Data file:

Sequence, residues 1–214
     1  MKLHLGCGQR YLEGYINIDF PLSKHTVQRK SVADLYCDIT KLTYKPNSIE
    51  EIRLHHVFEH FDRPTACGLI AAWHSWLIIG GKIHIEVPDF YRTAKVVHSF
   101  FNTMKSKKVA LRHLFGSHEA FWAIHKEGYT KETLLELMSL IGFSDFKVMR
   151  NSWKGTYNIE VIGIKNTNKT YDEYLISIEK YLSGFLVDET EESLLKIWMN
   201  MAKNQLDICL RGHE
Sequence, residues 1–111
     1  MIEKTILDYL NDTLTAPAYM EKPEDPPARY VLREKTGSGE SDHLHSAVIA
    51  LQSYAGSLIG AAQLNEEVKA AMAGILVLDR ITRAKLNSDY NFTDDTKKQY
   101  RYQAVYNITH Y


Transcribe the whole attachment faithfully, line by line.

Sequence, residues 1–214
     1  MKLHLGCGQR YLEGYINIDF PLSKHTVQRK SVADLYCDIT KLTYKPNSIE
    51  EIRLHHVFEH FDRPTACGLI AAWHSWLIIG GKIHIEVPDF YRTAKVVHSF
   101  FNTMKSKKVA LRHLFGSHEA FWAIHKEGYT KETLLELMSL IGFSDFKVMR
   151  NSWKGTYNIE VIGIKNTNKT YDEYLISIEK YLSGFLVDET EESLLKIWMN
   201  MAKNQLDICL RGHE
Sequence, residues 1–111
     1  MIEKTILDYL NDTLTAPAYM EKPEDPPARY VLREKTGSGE SDHLHSAVIA
    51  LQSYAGSLIG AAQLNEEVKA AMAGILVLDR ITRAKLNSDY NFTDDTKKQY
   101  RYQAVYNITH Y